As grain is cultivated, harvested, transported and stored, trace amounts of that grain may become mixed with other grain varieties, despite the use of best management practices by industry. As a result, a genetically modified (GM) grain that has not yet been approved by the importing country may unintentionally be present, at low levels, in grain shipments exported to that country. This is what is called low level presence (LLP).
LLP situations can occur when there is a time gap in the authorization of GM crops between the importing and exporting countries, or when developers do not seek authorizations in importing countries. Sources of LLP can vary, including lingering traces of discontinued varieties present in export streams, or unintentional mixing into export streams of crops intended for domestic use.
What is the impact of zero-tolerance for LLP?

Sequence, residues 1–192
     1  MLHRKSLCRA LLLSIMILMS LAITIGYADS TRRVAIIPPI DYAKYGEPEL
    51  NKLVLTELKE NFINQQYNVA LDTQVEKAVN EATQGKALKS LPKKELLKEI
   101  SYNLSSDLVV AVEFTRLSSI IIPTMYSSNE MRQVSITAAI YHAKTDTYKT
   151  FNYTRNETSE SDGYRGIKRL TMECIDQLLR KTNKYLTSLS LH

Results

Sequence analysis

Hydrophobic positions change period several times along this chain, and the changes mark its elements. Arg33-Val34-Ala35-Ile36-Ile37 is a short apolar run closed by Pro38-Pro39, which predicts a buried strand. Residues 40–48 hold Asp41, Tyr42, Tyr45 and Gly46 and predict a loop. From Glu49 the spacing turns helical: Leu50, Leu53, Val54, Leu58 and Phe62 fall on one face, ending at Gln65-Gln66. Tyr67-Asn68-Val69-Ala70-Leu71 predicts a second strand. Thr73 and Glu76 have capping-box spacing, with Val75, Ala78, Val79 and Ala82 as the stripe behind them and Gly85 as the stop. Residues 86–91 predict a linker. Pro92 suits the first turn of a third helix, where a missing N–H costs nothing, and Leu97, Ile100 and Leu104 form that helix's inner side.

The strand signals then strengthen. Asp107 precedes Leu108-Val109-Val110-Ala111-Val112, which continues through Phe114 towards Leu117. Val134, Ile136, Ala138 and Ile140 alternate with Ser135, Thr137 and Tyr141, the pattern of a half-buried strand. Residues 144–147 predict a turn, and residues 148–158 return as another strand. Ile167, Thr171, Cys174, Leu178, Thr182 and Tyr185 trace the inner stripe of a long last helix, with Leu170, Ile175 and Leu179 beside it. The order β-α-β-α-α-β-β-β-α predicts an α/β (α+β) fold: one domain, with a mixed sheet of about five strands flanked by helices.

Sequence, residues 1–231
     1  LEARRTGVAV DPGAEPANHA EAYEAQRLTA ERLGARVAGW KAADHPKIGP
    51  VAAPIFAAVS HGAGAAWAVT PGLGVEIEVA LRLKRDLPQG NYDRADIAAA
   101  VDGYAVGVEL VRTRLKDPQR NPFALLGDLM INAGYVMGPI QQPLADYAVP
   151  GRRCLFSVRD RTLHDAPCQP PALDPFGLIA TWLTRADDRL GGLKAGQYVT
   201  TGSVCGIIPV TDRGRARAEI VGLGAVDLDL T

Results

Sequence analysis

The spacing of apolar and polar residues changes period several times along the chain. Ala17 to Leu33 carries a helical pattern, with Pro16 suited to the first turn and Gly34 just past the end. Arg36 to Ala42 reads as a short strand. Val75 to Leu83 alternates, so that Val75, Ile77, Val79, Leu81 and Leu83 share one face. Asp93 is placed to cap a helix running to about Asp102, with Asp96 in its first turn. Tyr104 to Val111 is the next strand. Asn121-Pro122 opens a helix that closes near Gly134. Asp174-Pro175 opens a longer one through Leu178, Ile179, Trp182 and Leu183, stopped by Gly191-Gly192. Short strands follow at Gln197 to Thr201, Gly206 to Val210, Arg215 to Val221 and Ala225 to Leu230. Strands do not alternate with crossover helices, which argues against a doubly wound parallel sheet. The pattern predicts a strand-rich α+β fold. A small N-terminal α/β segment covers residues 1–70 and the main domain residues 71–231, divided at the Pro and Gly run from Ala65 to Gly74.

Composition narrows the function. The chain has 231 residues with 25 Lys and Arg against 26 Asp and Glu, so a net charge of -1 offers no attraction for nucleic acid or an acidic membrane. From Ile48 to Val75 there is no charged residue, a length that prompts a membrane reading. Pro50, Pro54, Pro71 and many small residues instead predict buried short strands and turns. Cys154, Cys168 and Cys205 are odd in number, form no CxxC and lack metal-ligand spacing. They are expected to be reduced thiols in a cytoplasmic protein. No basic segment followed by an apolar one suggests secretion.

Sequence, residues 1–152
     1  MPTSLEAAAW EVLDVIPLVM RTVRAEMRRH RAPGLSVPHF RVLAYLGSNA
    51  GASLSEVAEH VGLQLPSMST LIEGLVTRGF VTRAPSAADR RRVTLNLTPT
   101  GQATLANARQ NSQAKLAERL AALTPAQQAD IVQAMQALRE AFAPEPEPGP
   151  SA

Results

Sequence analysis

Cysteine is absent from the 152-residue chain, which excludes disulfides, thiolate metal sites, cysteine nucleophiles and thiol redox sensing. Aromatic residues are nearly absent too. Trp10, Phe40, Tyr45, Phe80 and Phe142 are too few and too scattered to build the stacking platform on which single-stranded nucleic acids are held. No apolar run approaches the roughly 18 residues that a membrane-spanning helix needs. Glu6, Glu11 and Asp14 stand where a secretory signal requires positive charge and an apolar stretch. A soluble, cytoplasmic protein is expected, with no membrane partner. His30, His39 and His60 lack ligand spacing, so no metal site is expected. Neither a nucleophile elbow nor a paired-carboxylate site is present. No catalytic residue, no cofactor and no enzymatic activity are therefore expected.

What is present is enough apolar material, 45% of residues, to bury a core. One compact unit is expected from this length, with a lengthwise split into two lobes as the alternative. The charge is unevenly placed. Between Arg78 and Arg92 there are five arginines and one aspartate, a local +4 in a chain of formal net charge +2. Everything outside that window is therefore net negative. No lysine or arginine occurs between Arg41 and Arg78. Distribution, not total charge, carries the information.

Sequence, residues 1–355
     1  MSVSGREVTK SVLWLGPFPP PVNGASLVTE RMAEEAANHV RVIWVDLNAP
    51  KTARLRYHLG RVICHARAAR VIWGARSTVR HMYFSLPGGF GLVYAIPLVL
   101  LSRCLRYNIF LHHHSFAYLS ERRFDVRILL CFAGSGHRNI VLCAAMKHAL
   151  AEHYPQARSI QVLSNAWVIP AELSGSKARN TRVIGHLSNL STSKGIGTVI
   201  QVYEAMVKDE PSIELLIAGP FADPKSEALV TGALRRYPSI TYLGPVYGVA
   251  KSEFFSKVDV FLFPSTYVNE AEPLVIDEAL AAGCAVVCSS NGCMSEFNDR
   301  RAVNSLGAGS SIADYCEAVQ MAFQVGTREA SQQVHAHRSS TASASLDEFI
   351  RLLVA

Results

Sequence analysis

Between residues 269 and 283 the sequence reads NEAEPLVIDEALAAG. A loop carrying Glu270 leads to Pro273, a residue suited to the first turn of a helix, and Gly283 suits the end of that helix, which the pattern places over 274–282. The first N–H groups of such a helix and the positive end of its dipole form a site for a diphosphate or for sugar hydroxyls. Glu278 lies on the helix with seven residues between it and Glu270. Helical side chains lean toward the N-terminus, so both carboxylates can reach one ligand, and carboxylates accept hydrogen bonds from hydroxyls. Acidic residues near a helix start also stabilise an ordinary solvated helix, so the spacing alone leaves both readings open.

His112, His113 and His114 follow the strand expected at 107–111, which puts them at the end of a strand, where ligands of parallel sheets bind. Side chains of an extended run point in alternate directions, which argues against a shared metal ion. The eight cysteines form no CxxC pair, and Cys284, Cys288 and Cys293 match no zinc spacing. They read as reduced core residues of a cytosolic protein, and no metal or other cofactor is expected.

As the number of GM crops developed and traded across the globe is increasing, so is the likelihood of LLP. Trends in agricultural innovations, coupled with zero-tolerance for LLP may lead to unnecessary trade disruptions, as shipments containing LLP may be blocked or rejected.
What are we doing?
Recognizing the importance of this issue, the Government of Canada, working in collaboration with its international partners, has explored various approaches where LLP occurrences could be managed to increase trade predictability and transparency. The findings have been summarized in a policy model designed to stimulate international discussions on the development and use of trade-facilitative instruments to manage LLP.
The Government of Canada is also engaging a critical mass of countries on how to minimize unnecessary LLP-related trade disruptions and build consensus on the way forward. It has also created the Global Low Level Presence Initiative (GLI), a group of countries that have endorsed an International Statement on Low Level Presence and committed to working collaboratively to develop international approaches to manage LLP.
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